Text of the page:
[ul] movement will be the fiirst thing you notice. It seems faster and you have much tighter control than in past Tribes games. “Ski” now has its own button separate from “jump” that you use in conjunction with your jet-pack button and its a snap to do. Overall the movement is newbie friendly without being overly simplistic…there will still be a learning curve for those who never played Tribes before though.
Weapons: spinfusor is the same thing we all know and love (as long as your on the giving end. Chaingun seems a tad slower but now has a rich basso sound effect making it “feel” more powerful (perhaps more than it really is). The new rocket pod is quite difficult to use, lotta practice before you’ll get proficient with that one. The “Burner” shoots a ball of flame that will continue burning once it hits whatever you shoot it at, pretty useful secondary wep. Grappling hook is fun but, again, needs lotsa practice. Shottie type weapon i dont like at all. Theres a delay from the time you pull the trigger until it fires. probably a balancing thing but it makes the gun not fun to use. Theres a few others that I havent tried yet.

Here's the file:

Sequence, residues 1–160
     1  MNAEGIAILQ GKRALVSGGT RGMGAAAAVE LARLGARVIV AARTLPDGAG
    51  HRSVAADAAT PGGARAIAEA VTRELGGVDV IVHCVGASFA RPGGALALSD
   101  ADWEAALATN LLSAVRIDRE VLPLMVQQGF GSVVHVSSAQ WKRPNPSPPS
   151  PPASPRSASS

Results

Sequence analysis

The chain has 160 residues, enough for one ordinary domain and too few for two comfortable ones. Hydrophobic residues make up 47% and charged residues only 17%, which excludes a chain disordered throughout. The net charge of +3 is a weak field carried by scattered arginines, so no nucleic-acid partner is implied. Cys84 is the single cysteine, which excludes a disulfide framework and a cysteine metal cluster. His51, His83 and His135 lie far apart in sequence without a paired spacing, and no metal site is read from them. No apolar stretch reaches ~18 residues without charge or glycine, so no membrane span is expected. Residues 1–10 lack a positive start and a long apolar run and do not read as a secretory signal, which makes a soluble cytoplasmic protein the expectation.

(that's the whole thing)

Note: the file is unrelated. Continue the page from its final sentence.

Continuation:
Visuals: looks very nice. Nothing to get wet about but its nice, colorful, cheery. Performance is spotty at the moment.
Interface: love it. very basic and easy to navigate. nothing at all like Tribes 2 nightmare of options, panes, etc. or Tribes 1 bizzarro setup.
Network performance: iffy/undecided. As with all new betas johnny teenager must host 16 player games on his mom and Dads cable connection on their circa 1999 Compaq PC. The game has no way to tell if its dedicated or not (unless I missed something). anyhow, until more well known hosting services are up it’ll be difficult to gauge. [/ul]